U.S. President Donald Trump is expected to declare the situation on the border with Mexico a national emergency, in a move that would grant him vast powers and would likely be contested in Congress and in the courts.
Some members of Trump’s own Republican Party have expressed concerns about the national emergency, fearing both a degradation of the role of Congress and setting a precedent.
Democrats have long argued there is a humanitarian issue at the border but there is no national emergency.
The national emergency comes at the end of a process which saw Trump largely lose to Congress over funding for his proposed vast expansion of the border wall.
Trump pushed the federal government into the longest shutdown in history, ending last month after 35 days.
Trump announced his intention a day before funding for the government was again set to run out and as Congress was approving appropriations, but without cash for Trump’s wall.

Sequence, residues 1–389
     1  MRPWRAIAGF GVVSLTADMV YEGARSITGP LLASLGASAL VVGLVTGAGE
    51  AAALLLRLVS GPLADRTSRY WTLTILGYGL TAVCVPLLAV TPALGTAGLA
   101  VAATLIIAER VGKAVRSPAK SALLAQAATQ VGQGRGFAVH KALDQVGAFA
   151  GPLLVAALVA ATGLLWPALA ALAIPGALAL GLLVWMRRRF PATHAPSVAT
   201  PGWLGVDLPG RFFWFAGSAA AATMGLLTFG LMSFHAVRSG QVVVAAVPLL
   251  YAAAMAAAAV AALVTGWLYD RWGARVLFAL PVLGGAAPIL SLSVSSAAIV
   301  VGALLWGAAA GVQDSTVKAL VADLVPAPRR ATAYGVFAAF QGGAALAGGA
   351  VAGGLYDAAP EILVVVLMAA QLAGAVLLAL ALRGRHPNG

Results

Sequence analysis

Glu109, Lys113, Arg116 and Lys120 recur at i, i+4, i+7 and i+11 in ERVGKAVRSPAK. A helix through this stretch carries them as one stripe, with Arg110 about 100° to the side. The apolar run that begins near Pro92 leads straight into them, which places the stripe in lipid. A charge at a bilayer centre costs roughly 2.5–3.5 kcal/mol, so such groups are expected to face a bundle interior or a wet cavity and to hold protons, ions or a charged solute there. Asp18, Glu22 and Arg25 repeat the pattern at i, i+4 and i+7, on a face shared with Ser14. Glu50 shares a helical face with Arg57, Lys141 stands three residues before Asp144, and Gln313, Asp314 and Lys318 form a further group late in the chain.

The president has agreed to sign the funding bill and keep government open.
Trump is expected to take executive action to announce funding for the wall from alternative funds.
The entire process is being denounced by Democrats as a blatant attempt to bypass Congress, which is constitutionally viewed as having the power of the purse.
The appropriations bill has set aside 1.375 billion dollars for physical barriers on the border.
Trump campaigned on the border wall and pledged Mexico would pay for it.
He was also once a fierce critic of former president Barack Obama when he took executive action, evading Congress.